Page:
Tiwarie sues over Sunset Lakes sale

-claims lands fraudulently transferred despite existing caveat

The gated 100 acres of land

Businessman Brian Tiwarie, former owner of housing project Sunset Lakes, is seeking damages in excess of $300 million for what he says is the unlawful transfer of the 100 acres of land valued at US$8 million by the Registrar of Lands to Precious Metal Mines.

In a lawsuit filed against the Registrar, Precious Metals, Sunset Lakes, Citizens Bank, Nigel Hinds and another, Tiwarie is arguing that at the time of the sale and transfer of the lands, there existed, and still exists, a caveat in his favour, operating as a statutory bar to any such transfer.

In the circumstances, he is seeking a declaration, among others, that the Registrar of Lands acted beyond her powers and in violation of the Land Registry Act when she purported to register the transfer of the Sunset Lakes lands to Precious Metal Mines.

Located at Providence, East Bank Demerara, the housing development project was to have been a posh housing estate.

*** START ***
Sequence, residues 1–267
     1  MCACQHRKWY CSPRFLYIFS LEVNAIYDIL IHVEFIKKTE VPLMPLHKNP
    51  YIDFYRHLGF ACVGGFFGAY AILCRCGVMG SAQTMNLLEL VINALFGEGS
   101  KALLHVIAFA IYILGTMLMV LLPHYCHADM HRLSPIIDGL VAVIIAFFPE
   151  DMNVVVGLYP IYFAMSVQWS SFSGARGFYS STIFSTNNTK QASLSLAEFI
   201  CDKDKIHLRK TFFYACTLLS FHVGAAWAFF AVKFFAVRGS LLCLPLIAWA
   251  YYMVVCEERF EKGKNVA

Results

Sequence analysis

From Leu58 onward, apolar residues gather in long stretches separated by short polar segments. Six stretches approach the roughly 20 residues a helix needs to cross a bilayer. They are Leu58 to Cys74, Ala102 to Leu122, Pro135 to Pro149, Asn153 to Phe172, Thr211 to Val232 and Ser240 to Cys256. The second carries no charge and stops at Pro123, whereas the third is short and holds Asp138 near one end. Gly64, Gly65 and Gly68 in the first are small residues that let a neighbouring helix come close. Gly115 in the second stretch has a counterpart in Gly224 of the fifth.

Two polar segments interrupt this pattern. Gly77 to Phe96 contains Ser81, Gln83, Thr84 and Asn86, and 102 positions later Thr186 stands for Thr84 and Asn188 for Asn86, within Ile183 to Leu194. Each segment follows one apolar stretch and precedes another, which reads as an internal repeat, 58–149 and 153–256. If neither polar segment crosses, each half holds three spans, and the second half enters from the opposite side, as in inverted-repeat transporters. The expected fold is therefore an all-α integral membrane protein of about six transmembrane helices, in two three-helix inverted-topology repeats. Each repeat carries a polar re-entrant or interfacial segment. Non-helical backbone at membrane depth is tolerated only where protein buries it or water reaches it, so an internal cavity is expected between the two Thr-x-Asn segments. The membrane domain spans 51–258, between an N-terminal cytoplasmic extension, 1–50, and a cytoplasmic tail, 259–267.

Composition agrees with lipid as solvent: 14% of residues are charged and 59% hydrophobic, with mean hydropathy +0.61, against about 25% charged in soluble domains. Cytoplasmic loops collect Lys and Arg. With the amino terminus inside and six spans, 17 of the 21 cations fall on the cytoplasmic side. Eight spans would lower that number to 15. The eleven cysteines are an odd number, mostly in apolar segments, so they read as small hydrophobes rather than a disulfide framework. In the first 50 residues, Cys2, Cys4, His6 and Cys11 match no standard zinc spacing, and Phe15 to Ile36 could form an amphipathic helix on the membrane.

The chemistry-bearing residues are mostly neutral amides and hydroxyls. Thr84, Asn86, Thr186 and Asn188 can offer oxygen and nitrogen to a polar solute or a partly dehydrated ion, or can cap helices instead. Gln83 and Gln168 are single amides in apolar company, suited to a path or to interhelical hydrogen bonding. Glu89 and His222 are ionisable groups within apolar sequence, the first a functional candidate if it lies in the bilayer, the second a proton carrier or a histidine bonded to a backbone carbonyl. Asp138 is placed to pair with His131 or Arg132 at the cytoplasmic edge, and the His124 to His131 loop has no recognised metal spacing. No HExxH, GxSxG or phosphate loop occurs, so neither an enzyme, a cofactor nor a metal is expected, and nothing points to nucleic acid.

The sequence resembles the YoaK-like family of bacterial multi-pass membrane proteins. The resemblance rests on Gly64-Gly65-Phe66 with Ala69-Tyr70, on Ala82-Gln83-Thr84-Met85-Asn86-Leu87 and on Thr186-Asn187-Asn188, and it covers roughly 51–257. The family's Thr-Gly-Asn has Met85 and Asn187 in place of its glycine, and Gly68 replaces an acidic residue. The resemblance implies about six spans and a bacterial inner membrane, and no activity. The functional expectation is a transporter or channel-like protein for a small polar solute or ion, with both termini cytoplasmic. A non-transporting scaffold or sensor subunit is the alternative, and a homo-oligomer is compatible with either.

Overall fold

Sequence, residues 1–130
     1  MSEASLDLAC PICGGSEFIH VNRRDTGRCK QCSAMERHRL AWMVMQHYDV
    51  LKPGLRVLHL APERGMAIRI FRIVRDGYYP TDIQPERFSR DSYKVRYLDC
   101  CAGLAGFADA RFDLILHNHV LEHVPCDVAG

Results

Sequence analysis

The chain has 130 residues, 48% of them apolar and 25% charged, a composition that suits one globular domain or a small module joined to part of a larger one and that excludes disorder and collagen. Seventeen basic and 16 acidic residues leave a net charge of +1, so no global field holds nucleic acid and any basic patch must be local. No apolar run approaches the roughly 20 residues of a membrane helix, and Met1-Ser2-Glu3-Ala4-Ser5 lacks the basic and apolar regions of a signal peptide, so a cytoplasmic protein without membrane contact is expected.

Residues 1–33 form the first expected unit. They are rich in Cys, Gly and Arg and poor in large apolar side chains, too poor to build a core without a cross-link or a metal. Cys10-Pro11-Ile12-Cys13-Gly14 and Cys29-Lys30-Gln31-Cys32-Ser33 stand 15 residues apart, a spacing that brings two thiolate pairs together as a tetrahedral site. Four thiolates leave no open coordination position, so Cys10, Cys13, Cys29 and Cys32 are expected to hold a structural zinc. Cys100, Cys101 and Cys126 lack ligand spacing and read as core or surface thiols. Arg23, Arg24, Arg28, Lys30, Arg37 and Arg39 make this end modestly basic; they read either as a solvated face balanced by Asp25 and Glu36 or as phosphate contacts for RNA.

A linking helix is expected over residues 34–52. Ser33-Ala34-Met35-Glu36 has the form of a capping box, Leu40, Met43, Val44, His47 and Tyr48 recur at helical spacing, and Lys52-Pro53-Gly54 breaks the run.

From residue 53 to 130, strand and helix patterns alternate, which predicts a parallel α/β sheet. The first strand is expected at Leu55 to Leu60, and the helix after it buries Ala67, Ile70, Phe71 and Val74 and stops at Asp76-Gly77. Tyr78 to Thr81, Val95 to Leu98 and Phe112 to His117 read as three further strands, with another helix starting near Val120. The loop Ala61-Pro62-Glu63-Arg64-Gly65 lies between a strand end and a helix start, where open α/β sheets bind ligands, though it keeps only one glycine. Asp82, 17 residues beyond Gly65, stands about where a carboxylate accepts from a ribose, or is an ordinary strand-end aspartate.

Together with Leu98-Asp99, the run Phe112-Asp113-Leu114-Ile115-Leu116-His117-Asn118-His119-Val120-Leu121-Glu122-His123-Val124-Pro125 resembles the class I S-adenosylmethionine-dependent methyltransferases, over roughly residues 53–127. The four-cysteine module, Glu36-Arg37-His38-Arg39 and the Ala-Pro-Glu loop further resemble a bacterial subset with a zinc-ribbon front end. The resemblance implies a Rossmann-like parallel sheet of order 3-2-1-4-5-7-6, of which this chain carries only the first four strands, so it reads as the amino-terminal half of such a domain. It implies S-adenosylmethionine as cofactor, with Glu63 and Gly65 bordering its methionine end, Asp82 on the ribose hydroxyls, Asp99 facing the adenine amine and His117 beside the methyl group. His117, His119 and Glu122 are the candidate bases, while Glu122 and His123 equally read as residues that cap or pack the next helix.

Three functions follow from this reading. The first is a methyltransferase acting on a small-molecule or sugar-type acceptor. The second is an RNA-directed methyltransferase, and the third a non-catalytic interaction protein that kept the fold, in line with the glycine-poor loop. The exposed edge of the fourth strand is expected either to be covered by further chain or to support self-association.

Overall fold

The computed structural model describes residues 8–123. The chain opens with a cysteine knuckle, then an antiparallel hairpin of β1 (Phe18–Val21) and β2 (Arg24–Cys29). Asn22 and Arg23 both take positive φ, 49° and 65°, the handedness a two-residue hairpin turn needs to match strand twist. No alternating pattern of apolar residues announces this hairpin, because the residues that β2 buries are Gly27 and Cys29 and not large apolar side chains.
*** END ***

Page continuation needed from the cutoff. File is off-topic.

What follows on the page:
Describing himself in his affidavit as Incorporator and initially a Director of Sunset Lakes, Tiwarie, who said that he was also the sole shareholder and owner, explained that by written agreement on April 10, 2014, he sold all of his 1,000 shares to Hungbo Chu of Chinese logging company Baishanlin for US$8 million.

He said that upon signing the agreement, Chu paid a deposit of US$4 million. In that agreement, he said, were covenants prohibiting the land from being encumbered, or disposing of the shares without his permission.

According to Tiwarie, Chu breached the agreement by failing to pay the purchase price within the time stipulated and even thereafter, as a consequence of which he instituted court proceedings.

The applicant said that he also filed a caveat on March 16, 2016, restricting any dealings with, and its property thereof, until further notice.

Following the court action, Tiwarie said he entered into terms of settlement with Chu, by which he became immediately entitled to 50% of the shareholdings in Sunset Lakes, among other entitlements.